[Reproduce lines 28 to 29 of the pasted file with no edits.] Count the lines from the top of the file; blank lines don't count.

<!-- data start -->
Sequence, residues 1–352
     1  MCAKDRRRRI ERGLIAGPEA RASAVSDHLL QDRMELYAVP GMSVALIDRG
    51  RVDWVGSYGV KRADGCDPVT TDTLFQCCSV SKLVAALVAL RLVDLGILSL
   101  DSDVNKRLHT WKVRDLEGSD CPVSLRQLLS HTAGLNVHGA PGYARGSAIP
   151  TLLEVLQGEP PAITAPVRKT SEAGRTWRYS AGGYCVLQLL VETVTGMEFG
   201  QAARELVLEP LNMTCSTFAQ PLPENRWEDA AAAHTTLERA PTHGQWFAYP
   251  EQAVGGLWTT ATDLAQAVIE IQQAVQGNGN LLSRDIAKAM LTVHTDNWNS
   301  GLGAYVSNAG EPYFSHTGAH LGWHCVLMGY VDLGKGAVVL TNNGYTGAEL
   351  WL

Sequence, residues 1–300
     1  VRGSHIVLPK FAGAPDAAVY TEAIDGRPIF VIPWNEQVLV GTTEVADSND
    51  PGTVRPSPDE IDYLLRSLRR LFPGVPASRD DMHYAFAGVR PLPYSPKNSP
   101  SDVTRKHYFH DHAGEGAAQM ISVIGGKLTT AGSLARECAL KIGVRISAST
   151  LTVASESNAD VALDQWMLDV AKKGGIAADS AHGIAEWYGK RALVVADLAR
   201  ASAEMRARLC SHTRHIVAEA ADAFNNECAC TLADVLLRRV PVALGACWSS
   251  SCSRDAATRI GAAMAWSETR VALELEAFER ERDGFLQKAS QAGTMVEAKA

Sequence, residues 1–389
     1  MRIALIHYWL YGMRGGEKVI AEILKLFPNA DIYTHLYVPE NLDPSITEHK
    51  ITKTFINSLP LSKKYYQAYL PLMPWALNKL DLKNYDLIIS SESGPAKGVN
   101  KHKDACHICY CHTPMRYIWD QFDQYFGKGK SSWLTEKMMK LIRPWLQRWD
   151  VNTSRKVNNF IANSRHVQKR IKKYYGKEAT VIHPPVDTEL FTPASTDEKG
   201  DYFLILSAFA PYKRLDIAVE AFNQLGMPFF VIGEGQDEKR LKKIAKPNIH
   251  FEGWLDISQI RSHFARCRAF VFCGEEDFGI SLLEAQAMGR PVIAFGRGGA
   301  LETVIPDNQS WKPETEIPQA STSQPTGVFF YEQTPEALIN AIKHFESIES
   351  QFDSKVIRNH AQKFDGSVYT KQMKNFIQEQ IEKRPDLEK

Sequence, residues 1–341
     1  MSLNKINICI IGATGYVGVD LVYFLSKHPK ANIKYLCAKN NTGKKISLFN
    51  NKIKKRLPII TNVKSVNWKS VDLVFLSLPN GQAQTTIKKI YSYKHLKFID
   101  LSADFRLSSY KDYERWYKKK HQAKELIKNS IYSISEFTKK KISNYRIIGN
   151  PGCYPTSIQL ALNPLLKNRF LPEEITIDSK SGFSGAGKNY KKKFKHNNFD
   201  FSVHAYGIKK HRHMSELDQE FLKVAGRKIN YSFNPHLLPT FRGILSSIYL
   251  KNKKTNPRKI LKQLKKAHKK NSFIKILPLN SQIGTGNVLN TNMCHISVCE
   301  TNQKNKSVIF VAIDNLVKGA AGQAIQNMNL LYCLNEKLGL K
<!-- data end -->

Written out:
    51  NKIKKRLPII TNVKSVNWKS VDLVFLSLPN GQAQTTIKKI YSYKHLKFID
   101  LSADFRLSSY KDYERWYKKK HQAKELIKNS IYSISEFTKK KISNYRIIGN